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    11 different variations of football you’ll just have to try

    The UK is going to be football crazy, football mad in the next few weeks, but did you know that the beautiful game isn’t the only form of football enjoyed by fans across the world? There are 11 alternative versions of football that may have completely passed you by.

    Soccer tennis

    Developed in Argentina, where it is also known as ‘padbol’, soccer tennis is a unique fusion sport combining, you guessed it, football and tennis! The ball is passed over a net using a combination of players’ feet, head, chest and legs. In fact, pretty much your whole body can be used in this amazing version of football!

    Human table football

    What could be more exciting than a fast-paced game of table football? Why, a game of human table football, of course. This alternative version of football does exactly what it says on the tin; replacing traditional plastic players with you and your loved ones. Velcro yourself onto the rope in an inflatable pitch and see if you can ‘kick it’.



    A European creation, Footgolf is about precision. Seasoned golfers will be pleased to know that this alternative version of football is played in just the same way, but with additional fun involved. Your foot is the club, the hole is your goal and the game is certainly challenging. Everything might be supersized, but that doesn’t guarantee a hole-in-one!

    Binocular football

    Pop on a helmet fitted with a pair of back-to-front binoculars, and away you go! The rules are exactly the same as in a regular football game, but with one major obstacle: your eyewear. While some games require actual binoculars, others involve a more wearable pair of goggles. Not that this will make proceedings any easier. Prepare to see the ball bouncing towards you from either ten times closer, or ten times further away!



    Not only fast-paced but perfect for rainy days, futsal is a variation on football that’s grown in popularity across the world. Invented by the Spanish and played indoors, it involves a ball with considerably less bounce than you might be used to. The main difference between the two games, however, lies in players’ freedom to get creative on the pitch. Futsal’s emphasis lies on improvisation, with creative play valued above a focus on physical contact. Who knows what kind of fancy footwork you could end up pulling?

    Sepak takraw

    What do you get when you cross football with volleyball? A Southeast Asian super sport! Sepak takraw is thought to date back to the 15th century and incorporates a woven ball made of rattan. And that isn’t the only thing that makes this game so exciting – players are allowed to use their feet, knees, chest and head. But with the game played on a badminton-sized court, over the top of a net, will this freedom be more of a help or a hindrance?

    Freestyle football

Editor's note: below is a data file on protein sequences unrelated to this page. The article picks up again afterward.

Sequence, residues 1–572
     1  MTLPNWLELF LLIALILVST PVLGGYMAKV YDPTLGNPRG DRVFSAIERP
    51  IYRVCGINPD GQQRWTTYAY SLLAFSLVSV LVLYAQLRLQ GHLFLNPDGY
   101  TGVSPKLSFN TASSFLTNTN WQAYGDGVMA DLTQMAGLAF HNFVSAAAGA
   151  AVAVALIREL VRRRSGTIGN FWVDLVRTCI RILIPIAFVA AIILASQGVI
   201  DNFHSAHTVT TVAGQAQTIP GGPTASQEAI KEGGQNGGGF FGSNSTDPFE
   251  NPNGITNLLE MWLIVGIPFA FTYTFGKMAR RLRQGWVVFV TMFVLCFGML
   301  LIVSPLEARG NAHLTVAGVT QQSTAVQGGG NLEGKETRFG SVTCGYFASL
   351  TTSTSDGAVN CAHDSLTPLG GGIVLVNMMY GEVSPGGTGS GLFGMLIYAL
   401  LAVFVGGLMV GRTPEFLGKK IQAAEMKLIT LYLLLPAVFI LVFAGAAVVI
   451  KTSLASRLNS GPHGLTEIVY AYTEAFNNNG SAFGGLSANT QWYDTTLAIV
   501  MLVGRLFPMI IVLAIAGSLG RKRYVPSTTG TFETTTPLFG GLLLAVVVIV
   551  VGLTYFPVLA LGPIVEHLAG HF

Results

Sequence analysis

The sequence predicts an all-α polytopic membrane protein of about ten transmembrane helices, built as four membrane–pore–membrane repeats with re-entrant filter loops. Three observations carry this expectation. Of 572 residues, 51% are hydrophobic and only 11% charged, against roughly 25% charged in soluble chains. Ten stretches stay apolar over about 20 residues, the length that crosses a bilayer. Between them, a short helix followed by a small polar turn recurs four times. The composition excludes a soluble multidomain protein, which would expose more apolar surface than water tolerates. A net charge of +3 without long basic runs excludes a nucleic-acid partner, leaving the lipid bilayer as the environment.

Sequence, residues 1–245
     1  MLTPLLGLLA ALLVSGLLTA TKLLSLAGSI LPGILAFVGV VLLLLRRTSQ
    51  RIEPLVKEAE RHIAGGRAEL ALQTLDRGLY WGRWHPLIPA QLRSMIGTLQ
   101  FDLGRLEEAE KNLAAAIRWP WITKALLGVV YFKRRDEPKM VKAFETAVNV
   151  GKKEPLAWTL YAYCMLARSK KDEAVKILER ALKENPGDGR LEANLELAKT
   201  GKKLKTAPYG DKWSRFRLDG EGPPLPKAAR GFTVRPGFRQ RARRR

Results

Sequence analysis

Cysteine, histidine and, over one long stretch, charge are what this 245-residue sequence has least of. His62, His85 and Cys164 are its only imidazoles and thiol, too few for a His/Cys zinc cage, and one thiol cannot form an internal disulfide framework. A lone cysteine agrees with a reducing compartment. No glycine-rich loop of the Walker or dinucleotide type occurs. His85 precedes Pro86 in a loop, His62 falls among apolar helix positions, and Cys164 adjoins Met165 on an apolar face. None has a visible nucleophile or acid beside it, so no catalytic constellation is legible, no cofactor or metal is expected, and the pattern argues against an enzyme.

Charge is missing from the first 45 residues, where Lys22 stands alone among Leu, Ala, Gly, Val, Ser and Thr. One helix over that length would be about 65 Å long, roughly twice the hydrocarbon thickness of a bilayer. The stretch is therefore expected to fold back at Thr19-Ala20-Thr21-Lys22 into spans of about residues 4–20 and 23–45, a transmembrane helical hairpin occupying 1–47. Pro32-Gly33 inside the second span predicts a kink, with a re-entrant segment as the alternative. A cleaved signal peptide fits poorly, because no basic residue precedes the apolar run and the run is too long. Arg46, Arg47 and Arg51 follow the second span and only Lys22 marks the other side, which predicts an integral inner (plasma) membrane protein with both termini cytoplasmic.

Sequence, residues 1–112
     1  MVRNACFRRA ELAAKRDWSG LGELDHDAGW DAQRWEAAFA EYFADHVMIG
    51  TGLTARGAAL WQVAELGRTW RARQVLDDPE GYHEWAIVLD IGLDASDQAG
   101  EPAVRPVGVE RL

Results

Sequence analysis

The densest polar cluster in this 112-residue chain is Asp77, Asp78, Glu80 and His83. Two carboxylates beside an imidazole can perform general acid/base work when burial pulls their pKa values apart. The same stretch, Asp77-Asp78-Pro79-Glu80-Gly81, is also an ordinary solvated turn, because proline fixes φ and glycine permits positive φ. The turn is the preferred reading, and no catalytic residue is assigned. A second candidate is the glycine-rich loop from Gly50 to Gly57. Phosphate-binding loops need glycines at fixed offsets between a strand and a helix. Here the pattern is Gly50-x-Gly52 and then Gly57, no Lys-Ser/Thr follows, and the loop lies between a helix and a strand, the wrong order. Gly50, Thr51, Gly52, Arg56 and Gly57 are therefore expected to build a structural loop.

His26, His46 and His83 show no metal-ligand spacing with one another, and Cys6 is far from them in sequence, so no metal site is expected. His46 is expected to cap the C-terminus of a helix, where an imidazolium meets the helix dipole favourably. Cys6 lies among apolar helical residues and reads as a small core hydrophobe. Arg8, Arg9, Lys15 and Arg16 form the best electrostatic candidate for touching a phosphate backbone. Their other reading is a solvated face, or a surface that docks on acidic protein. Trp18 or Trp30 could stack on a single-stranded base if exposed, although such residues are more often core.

You could argue that freestyle football is less of a game and more a case of performance, but in our book, that’s still an alternative version of football. Plus, it’s just too much fun not to include! The world of freestyle football has grown to include competitions and characteristic lingo, from the classic ‘keepie-uppie’ to ‘lowers’, ‘uppers’ and ‘sit downs’.

    Zorb football

    It may also be known as ‘bubble football’, but zorb football is far from genteel. This action-packed Norwegian game is less about your skills on the pitch and more about good old fashioned fun. When you’re sending one another flying as you battle to get to the ball first, you’ll be laughing too much to be concerned about scores.



    Kickball originated in America, and is just as much a twist on rounders as it is on football. The aim of the game is for players to kick the rubber ball as hard as they can. Then all that’s left to do is run! Lap the bases and get back to your starting point before the competition manages to get you ‘out’ with the ball. The kids will love sprinting around the pitch, and it’s a great way to tire them out before teatime!

    Footbag net


    Now, this is where the real challenge begins. Of all the alternative versions of football, footbag net is one of the most difficult. After all, you’re only allowed to use your feet! That means any contact above the knee is considered a foul. With youthful agility on their side, your youngsters may very well have the advantage in this game, as you need to kick the pint-sized footbag over a net to score.


    Headis is a truly bonkers football hybrid. Combine ping pong and football, and you’ve just about got it, though the bats have been replaced with your own head! Luckily, the ball you’ll be heading is a seven inch rubber ball rather than a solid, oversized ping pong ball. The game is thought to have originated in Germany, and even has its own tournament.

    How will you be celebrating the Euros? Why not sign your budding champions up to our Football Academy at Haven parks like Devon Cliffs and Marton Mere, or get the whole family together for a kick-about on the sports field at Lakeland? You may even get to practice one of these weird and wonderful football variations! Which is your favourite?

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    Wow! Check out these weird and wonderful versions of football!

    Which of these football alternatives will you try before the Euros?